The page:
Safety and Efficacy of Infliximab and Corticosteroid Therapy in Checkpoint Inhibitor-induced Colitis

Emilie Kristine Dahl; Osama Karim Abed; Jens Kjeldsen; Marco Donia; Inge Marie Svane; Anders Dige; Jørgen Steen Agnholt; Jacob Tveiten Bjerrum; Jakob Benedict Seidelin


Aliment Pharmacol Ther. 2022;56(9):1370-1382. 

In This Article

Abstract and Introduction


Background: Cancer patients treated with immune check point inhibitors are at risk of developing severe colitis. However, the efficacy and safety of treatment of severe colitis is poorly understood.

Aims: To explore the safety and efficacy of infliximab and corticosteroids in severe immune-mediated enterocolitis (IMC)

Method: We performed a nationwide retrospective cohort study on 140 cancer patients treated with infliximab due to IMC in Denmark from 2011 to 2021.

Results: The rate of complete remission with infliximab was 52% after one dose, increasing to 73% after two or more doses. Thirteen patients (10%) required additional treatment with vedolizumab. Patients were heavily exposed to corticosteroids and received a median accumulated dose of 3978 mg (interquartile range [IQR] 2552–6414). Age- and cancer-adjusted Cox regression analysis found that a high dose of prednisolone at start of tapering ≥75 mg/day was associated with increased mortality (HR 1.67, 1.04–2.69, p = 0.035). Patients responding to infliximab experienced an improvement of symptoms after 3 days (IQR 2–4) and complete remission after 31 days (IQR 14–61). Twenty-four percent required hospitalisation for infection during treatment for IMC, lasting 7 days (median). Secondary gastrointestinal infections occurred in 16%, with Clostridioides difficile being most common (64%). Further, 10% had a thromboembolic event during the first 90 days after infliximab treatment.

Conclusions: Infliximab led to complete resolution of symptoms in 73% of patients with IMC. High prednisolone dose at tapering was associated with increased mortality rate and a high incidence of infections and hospitalisations in patients with severe IMC. We suggest optimised infliximab treatment before escalation of steroid doses.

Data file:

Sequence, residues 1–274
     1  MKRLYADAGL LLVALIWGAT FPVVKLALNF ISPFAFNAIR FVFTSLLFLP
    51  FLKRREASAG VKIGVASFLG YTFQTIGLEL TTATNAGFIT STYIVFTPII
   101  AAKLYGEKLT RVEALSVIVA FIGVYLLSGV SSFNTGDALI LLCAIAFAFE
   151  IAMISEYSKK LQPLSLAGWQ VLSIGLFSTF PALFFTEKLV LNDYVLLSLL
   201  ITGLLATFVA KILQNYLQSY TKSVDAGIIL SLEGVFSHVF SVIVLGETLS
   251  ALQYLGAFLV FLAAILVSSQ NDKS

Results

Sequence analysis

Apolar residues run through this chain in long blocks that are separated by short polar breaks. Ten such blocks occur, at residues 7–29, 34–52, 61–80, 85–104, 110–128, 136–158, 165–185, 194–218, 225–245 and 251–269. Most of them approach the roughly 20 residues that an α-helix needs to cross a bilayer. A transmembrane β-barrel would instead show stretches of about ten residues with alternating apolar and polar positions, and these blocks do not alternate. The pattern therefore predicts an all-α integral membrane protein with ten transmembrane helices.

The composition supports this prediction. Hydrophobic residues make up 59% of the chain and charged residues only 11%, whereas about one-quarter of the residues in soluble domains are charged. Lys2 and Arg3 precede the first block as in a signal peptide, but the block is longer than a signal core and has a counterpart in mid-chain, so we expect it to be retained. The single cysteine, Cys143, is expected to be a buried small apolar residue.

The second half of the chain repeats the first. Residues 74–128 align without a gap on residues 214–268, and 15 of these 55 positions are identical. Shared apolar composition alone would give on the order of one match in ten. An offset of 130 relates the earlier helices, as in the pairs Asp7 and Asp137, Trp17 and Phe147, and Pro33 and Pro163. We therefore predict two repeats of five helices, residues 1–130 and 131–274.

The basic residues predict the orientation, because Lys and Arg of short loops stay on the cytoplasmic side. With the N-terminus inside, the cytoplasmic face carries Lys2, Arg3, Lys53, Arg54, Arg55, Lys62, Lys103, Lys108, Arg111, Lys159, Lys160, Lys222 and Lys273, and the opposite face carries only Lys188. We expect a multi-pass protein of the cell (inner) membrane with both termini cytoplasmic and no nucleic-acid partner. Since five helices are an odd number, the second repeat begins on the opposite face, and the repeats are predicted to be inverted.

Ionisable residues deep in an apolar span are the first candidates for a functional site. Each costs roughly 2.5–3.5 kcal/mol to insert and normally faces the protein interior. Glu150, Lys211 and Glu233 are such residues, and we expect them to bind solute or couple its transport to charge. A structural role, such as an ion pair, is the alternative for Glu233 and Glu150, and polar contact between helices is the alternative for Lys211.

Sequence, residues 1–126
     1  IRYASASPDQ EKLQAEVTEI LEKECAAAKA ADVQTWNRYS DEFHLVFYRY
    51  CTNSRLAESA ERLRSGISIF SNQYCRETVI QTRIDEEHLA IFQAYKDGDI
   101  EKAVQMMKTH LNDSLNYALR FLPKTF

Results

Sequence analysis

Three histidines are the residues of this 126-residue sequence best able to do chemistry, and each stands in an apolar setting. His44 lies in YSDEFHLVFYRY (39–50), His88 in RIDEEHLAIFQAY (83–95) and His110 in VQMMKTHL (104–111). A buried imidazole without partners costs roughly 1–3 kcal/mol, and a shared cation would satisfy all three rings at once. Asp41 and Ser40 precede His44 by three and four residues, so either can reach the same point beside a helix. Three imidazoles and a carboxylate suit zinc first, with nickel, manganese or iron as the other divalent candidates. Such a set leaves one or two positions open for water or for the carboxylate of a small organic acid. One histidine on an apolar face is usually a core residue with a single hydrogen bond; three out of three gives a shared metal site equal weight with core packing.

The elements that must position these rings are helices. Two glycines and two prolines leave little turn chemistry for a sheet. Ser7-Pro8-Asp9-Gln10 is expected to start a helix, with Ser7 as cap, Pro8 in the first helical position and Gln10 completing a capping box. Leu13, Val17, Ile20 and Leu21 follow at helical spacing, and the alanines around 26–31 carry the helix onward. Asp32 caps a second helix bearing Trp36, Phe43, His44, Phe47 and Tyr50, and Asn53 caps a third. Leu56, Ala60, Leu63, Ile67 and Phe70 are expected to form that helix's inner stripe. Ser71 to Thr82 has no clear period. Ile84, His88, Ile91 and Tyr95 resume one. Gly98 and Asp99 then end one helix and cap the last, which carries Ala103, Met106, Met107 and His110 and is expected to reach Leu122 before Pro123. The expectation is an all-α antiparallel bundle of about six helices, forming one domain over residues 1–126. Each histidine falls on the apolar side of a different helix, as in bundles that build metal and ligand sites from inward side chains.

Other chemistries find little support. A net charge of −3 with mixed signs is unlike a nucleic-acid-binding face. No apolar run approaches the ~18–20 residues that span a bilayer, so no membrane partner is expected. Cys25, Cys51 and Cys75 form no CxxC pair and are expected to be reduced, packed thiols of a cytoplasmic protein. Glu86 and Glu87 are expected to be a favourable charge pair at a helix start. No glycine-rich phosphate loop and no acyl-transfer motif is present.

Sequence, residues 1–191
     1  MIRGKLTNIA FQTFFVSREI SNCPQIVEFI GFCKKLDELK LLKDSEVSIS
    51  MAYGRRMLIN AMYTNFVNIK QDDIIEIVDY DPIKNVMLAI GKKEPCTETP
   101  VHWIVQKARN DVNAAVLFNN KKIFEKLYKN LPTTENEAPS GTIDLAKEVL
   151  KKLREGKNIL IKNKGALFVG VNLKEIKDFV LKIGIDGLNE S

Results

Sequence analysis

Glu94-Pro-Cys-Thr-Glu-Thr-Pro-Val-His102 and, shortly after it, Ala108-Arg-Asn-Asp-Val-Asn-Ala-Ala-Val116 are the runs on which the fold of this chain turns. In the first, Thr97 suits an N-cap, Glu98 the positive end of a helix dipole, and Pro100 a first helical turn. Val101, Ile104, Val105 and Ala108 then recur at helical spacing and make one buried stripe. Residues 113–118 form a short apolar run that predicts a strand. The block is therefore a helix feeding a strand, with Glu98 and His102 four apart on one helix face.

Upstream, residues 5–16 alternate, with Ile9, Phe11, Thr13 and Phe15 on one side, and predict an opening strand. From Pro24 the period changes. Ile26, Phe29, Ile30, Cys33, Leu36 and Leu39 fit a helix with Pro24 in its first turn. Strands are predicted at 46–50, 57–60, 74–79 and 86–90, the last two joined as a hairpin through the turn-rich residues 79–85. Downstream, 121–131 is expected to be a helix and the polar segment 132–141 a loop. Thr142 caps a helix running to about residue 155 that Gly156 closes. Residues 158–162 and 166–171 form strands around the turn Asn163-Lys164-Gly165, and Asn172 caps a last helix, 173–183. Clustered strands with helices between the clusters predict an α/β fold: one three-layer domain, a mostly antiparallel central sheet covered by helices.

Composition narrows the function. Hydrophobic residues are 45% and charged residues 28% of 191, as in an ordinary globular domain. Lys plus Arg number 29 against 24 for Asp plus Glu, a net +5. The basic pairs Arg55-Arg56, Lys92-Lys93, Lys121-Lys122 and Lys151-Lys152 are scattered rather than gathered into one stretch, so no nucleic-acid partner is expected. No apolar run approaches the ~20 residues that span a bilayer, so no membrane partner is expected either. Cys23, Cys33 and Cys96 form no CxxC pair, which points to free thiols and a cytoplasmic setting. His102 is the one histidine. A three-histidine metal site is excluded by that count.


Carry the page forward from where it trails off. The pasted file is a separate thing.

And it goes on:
Immune checkpoint inhibitors (ICI) have revolutionised the field of oncology within the last decade. ICI work by unleashing the T-cell arm of the adaptive immune system, leading to the immune-mediated attack of cancer cells. A common trade-off of a highly activated immune system is the occurrence of inflammatory side effects, or immune-related adverse events (irAE). Any organ can be affected, but the gastrointestinal tract appears to be the most commonly involved organ.[1] Immune-mediated enterocolitis (IMC) is often severe, and occasionally a life-threatening complication to the treatment with ICI.[2] Based on empirical evidence, most professional guidelines[3] recommend treatment with high doses of corticosteroids, with or without secondary immune-suppressive drugs, to mitigate severe IMC. Infliximab (IFX) is the most commonly recommended rescue treatment in corticosteroid-resistant IMC, with an efficacy of 81% in IMC.[4] However, little is known about the frequency of the side effects of drugs administered to alleviate severe IMC.

Inflammatory bowel diseases (IBD), such as Crohn's disease and ulcerative colitis, have some similarities to IMC both endoscopically and symptomatically.[5] In IBD patients hospitalised with a disease flare, the risk of a thromboembolic event is 2.85 times higher than in hospitalised patients without IBD.[6–8] Therefore, thromboembolic prophylaxis is recommended at hospitalisation during an IBD flare.[9–12] The recommendation for thromboembolic prophylaxis at hospitalisation for IMC remains unclear, it is recommended in the British guideline[13] but is not considered elsewhere.[14,15] The overall rate of thromboembolic events during treatment with ICI is reported to be 2.7%.[16] It is unknown whether treatment with corticosteroids and IFX affect or are associated with and increased risk of thromboembolic events in patients with severe IMC. In addition, the rate of serious infections during treatment with ICI in melanoma patients is reported to be 2%, and when corticosteroids or IFX are added the rate increases to 14%.[17] In IBD patients, corticosteroids are associated with a threefold increase in the risk of Clostridioides difficile infection compared with IFX.[18] The risk of C. difficile infection in severe IMC is not known.

Current guidelines describe no clear optimal strategy for the administration of IFX. One trial showed that early IFX initiation before day 10 resulted in a shorter hospital stay and shorter symptom duration,[19] yet other studies have not confirmed this finding.[5] Recently, it is debated if IFX have an impact on mortality as one study points in this direction, whereas others do not.[20]

Therefore, we aimed to investigate the impact of the duration and doses of IFX alongside the risk of common side effects to corticosteroids and IFX and to explore mortality related to IMC within a nationwide real-world cohort.